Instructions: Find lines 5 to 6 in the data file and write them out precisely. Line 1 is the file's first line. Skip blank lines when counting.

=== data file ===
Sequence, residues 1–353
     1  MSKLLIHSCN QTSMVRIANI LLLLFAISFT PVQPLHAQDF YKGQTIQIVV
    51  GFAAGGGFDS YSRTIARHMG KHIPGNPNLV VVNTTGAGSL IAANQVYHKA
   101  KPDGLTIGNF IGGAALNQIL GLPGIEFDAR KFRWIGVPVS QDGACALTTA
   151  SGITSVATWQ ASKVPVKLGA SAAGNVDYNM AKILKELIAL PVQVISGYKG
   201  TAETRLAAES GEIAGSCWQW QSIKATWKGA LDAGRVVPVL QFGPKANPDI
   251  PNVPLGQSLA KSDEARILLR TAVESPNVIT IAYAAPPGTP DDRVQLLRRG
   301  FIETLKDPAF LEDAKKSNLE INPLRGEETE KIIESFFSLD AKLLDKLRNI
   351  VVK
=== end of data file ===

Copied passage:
   151  SGITSVATWQ ASKVPVKLGA SAAGNVDYNM AKILKELIAL PVQVISGYKG
   201  TAETRLAAES GEIAGSCWQW QSIKATWKGA LDAGRVVPVL QFGPKANPDI